Journal of Applied Glycoscience
Online ISSN : 1880-7291
Print ISSN : 1344-7882
ISSN-L : 1344-7882
Volume 50 , Issue 4
Showing 1-14 articles out of 14 articles from the selected issue
  • Isao Hanashiro, Shigeru Kamiyama, Ikuo Ikeda, Yasushi Yoshimoto, Osamu ...
    2003 Volume 50 Issue 4 Pages 453-459
    Published: October 20, 2003
    Released: July 01, 2011
    JOURNALS FREE ACCESS
    Abstract: The molecular structure and some properties of starches from rhizomes and fusiform roots of wild turmeric (Curcuma aromatica Salisb.) have been examined . Starch content of the rhizomes and fusiform roots was 9.2 and 6.5% with actual amylose content of 25 and 20%, respectively . Both starches showed a B-type Xray diffraction pattern. RVA viscograms for both starches showed small breakdown, and the rhizome starch showed two-fold higher maximum and minimum viscosities and setback . Thermal properties indicated that crystallites in the starch granules were similar in content but different in structure . The amyloses had numberaverage degree of polymerization (DPn ) of?`900 and the amyloses with DPn 400-500 were predominant on a molar basis. Branched molecules of amylose consisted of 13 and 17% by mole and had an average number of chains of branched molecule (NCB) of 4.8 and 3.4. The amylopectins had DPn of 3250 and 6040, and three molecular species with different size were observed. Number-average chain length (CL) of the amylopectins was 25 and molar ratio of unit chains, (A + B1)/(B2 + B3), was 3.8 and 5.3, respectively. The size-distribution of C chains of the wild turmeric amylopectins showed a peak at DP35 . The phosphorus content was 2200 ppm for the rhizome and 600 ppm for the fusiform-root amylopectin, and the amount of phosphorus linked to C-6 position of glucosyl residues was exceptionally low, 14 and 17 %, respectively . The esterified phosphates were found to be linked mainly to long chains (B2 and B3), and DPn of phosphorylated unit-chains was 42 and 49, respectively.
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  • Wataru Sumiyoshi, Tadasu Urashima, Tadashi Nakamura, Ikichi Arai, Taka ...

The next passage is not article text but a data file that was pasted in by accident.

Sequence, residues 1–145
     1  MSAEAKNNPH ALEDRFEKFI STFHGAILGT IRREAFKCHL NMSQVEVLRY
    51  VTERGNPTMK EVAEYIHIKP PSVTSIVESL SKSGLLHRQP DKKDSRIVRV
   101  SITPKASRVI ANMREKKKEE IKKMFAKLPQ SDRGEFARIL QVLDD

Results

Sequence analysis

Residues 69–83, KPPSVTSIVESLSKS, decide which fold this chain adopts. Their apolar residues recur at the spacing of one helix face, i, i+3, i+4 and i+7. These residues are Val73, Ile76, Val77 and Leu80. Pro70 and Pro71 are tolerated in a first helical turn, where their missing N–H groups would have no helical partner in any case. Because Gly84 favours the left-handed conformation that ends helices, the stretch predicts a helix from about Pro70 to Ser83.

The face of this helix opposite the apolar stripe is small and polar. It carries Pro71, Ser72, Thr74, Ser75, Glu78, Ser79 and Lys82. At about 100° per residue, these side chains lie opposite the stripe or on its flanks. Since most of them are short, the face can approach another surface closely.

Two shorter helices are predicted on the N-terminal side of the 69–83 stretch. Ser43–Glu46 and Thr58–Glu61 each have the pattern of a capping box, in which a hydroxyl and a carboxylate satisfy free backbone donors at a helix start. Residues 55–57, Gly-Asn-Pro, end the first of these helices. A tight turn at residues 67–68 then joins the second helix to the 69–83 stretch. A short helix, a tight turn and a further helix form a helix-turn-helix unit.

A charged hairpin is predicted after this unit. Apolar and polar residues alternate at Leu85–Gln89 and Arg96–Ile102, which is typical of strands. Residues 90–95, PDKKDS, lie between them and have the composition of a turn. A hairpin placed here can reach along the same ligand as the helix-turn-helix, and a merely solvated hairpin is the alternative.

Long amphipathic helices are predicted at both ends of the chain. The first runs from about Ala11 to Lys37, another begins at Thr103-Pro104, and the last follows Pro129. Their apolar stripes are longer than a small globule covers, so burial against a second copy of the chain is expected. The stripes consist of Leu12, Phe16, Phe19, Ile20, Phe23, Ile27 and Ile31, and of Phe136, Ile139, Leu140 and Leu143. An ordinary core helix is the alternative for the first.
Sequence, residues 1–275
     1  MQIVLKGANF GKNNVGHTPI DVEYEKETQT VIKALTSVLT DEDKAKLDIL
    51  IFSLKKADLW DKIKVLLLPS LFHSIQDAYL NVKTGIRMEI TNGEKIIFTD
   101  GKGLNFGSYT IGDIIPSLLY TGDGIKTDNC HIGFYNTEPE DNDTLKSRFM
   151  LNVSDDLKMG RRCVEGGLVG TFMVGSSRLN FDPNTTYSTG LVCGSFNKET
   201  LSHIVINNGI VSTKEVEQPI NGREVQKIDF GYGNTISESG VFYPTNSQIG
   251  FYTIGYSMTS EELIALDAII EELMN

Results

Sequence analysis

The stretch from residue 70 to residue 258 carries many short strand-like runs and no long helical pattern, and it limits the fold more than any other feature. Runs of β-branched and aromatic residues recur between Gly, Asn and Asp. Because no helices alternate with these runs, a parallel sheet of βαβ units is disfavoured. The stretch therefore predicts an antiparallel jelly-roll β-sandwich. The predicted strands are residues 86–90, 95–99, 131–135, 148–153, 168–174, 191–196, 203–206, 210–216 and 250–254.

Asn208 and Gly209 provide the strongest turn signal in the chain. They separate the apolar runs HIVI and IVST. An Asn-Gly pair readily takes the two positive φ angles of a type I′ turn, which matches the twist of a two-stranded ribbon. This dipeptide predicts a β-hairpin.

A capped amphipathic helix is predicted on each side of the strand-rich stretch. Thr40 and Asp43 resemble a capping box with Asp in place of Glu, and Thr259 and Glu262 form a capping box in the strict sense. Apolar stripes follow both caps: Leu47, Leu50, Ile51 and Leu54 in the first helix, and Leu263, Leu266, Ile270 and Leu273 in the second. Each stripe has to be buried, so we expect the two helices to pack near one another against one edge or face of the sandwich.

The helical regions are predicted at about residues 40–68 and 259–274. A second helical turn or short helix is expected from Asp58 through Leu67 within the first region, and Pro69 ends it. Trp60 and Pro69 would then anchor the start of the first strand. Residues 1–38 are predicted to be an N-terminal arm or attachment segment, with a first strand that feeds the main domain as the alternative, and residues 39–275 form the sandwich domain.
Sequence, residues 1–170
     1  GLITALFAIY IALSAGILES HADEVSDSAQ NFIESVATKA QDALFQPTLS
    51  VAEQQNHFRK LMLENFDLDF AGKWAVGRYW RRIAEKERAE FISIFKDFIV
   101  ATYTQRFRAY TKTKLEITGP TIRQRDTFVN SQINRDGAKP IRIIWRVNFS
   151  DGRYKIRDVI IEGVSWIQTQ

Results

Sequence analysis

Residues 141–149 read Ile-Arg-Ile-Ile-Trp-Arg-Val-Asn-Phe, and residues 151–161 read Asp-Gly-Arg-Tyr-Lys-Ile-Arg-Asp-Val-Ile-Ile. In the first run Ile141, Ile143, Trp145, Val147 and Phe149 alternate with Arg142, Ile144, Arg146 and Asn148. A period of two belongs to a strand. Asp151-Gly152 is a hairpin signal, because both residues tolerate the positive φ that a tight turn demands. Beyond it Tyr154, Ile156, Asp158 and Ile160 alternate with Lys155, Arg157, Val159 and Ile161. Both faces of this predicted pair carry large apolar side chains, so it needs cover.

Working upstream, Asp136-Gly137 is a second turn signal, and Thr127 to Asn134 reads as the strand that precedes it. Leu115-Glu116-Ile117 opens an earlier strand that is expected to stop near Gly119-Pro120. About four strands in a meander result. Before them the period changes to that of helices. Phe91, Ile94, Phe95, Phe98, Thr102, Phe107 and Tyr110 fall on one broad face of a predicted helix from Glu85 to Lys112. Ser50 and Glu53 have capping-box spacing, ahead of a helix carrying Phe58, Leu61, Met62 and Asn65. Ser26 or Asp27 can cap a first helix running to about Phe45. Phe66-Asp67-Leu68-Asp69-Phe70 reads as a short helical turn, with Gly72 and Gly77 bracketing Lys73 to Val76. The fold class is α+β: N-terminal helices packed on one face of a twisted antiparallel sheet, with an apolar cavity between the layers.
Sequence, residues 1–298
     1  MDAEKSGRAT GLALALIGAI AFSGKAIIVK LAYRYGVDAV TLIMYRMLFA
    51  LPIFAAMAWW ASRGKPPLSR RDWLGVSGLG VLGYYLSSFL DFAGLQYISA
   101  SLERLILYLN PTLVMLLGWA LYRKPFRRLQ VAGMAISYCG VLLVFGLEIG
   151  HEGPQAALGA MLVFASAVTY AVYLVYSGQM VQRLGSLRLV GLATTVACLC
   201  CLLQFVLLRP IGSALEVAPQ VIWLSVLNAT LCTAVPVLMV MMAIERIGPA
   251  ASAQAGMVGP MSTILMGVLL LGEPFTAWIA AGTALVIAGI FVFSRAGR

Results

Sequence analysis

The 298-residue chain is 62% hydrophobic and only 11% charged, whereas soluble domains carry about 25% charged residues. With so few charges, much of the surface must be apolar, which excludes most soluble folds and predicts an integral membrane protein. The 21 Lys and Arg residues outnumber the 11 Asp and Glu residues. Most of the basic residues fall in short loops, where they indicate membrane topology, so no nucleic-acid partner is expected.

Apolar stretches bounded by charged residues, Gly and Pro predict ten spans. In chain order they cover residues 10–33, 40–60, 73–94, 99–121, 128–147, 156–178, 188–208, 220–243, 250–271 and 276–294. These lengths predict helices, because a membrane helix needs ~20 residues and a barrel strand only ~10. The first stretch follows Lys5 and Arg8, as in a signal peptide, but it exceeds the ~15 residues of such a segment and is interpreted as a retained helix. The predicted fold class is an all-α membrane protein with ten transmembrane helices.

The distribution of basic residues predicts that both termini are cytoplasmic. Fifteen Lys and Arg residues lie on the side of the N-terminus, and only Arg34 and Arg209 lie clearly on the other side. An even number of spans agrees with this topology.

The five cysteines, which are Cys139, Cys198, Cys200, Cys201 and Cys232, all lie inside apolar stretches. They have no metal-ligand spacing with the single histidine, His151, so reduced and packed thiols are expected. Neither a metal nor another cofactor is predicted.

2003 Volume 50 Issue 4 Pages 461-467
    Published: October 20, 2003
    Released: February 23, 2011
    JOURNALS FREE ACCESS
    Abstract: The concentrations of the six major sialyl oligosaccharides found in the milk of 24 Japanese women were determined using reverse phase high performance liquid chromatography of the 3-methyl-1-phenyl-5- pyrazolone derivatives of the oligosaccharides. The milk was collected at 4, 10, 30 and 100 days postpartum. The concentrations of all six oligosaccharides decreased during the course of lactation. The concentrations of 6'-sialyllactose, sialyllacto-N-tetraose b and disialyllacto-N-tetraose decreased only after 10 days postpartum, whereas those of sialyllacto-N-tetraose a and sialyllacto-N-neotetraose c as well as 3'-sialyllactose decreased from 4 days postpartum. Large differences were observed between present data and those previously reported for Italian women, both in terms of the content and in the variation pattern of each oligosaccharide during the course of lactation. These differences may be caused by the different ethnicity of the donors as well as the assay methods used in the studies.
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  • Akiko Yamashita, Hiroyuki Hashimoto, Sumio Kitahata, Katsuyoshi Nakani ...
    2003 Volume 50 Issue 4 Pages 469-474
    Published: October 20, 2003
    Released: February 23, 2011
    JOURNALS FREE ACCESS